As gas supply is slowly restored to 9,000 Mount Gambier properties, businesses and aged care facilities are considering compensation claims.
- Gas supply will be restored to all 9,000 properties by tonight after it was unexpectedly cut last Wednesday
- Mount Gambier businesses are seeking compensation for losses caused by the outage
- One local aged care provider says it is $5,000 out of pocket due to the gas outage
South Aussie Hotel trade was down 70 per cent over the weekend after its gas was unexpectedly cut on Wednesday night.
Manager Brianna Bytheway said the hotel opened on Thursday night with a limited menu.
“We had a total of 25 that were booked into Saturday night and they just cancelled purely on what we could do on our menu.”
She said the business was considering compensation options and had made a list of its wastage.
“Obviously a lot of things that are defrosted, a lot of seafood, that we just had to throw out,” Ms Bytheway said.
“You order all these schnitzels — and we don’t freeze our schnitzels — so they weren’t used and it’s just going to waste.”
Mount Gambier Chamber of Commerce was encouraging affected businesses to apply for compensation.
Chamber president Hayley Neumann said it was a rough time for local businesses.
“They would have proof what they’ve missed out on, what their potential sales could have been for the weekend, but [compensation] definitely could be an avenue that they go down.
“So if [businesses] can seek compensation, I’d say go for it. That’s what it’s there for and hopefully it means that the business can keep trading in the future.”
Aged care affected, too
Mount Gambier aged care facility Boandik was also impacted by the gas outage.
Chief executive Gillian McGinty said the facility’s gas was reconnected on Saturday night.
“The major impact was on the residents because all our hot water is gas,” she said.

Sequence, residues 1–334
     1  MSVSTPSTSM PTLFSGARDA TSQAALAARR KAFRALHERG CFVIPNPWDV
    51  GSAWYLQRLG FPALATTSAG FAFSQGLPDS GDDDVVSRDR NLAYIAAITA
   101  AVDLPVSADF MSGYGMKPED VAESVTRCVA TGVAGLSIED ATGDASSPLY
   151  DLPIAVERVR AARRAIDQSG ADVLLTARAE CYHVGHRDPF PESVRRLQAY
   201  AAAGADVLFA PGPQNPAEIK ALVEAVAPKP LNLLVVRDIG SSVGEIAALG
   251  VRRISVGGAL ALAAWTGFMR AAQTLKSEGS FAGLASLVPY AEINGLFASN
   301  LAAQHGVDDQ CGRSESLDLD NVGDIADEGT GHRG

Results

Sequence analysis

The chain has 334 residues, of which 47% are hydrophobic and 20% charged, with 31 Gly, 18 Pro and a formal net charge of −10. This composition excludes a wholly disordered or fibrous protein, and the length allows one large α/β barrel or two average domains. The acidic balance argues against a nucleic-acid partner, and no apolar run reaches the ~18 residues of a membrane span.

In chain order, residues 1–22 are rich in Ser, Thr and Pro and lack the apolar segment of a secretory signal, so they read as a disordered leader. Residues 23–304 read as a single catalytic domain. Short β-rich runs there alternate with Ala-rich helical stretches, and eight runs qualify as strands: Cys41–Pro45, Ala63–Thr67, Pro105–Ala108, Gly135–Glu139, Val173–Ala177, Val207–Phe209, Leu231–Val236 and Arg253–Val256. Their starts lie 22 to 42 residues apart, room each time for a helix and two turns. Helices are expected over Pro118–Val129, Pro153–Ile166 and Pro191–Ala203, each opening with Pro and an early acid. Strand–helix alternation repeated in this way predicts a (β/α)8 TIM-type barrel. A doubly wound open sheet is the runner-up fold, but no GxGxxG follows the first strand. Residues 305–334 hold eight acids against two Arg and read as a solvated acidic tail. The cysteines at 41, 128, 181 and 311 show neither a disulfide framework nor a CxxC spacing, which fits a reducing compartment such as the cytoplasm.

“We were having to have washers and bed baths rather than shower or a bath so they were the ones that were most heavily affected.”
The facility purchased extra cooking and clothes drying equipment due to the gas outage.
Ms McGinty estimated the facility was about $5,000 out of pocket for the extra expenses.
“We’re just assessing the costs and what it has cost us over the past few days, to determine whether we will lodge a compensation claim.
“It’s something we will look at, it will depend on the cost of lodging the claim against the benefit of what we will achieve out of it.”
‘They wouldn’t remember there’s no hot water’
Ms McGinty said the outage occurred when the facility was already dealing with the additional costs associated with COVID-19 requirements.
“We have additional costs every day with the personal protective equipment that we’re required to wear,” she said.
“And [with] the additional monitoring of visitors, and everything that’s happening, it’s just something else adding to a quite challenging year.”
Ms McGinty said the most severe impact of the outage was on the residents’ normal routines.
“People focus around having a shower in the morning and going out to breakfast, so particularly for people with dementia or with some memory loss, they wouldn’t remember there’s no hot water,” she said.
“Like everyone, we all like to have a shower and to just feel clean, so they’ve certainly been impacted by that.
“That’s been our major concern in keeping them well and being able to keep their personal care up as much as possible.”
All connected by tonight
Gas provider APA confirmed that all 9,000 would be reconnected by tonight.
Operations manager Robin Grey said emergency crews had worked quickly over recent days to visit each property.
“We know that there are people relighting [appliances] themselves, and that’s a message that we do want to get out: people can relight themselves as long as they have been left a relight card,” he said.
“Then they’ll then be ticked off the list to say that we’ve visited their properties.”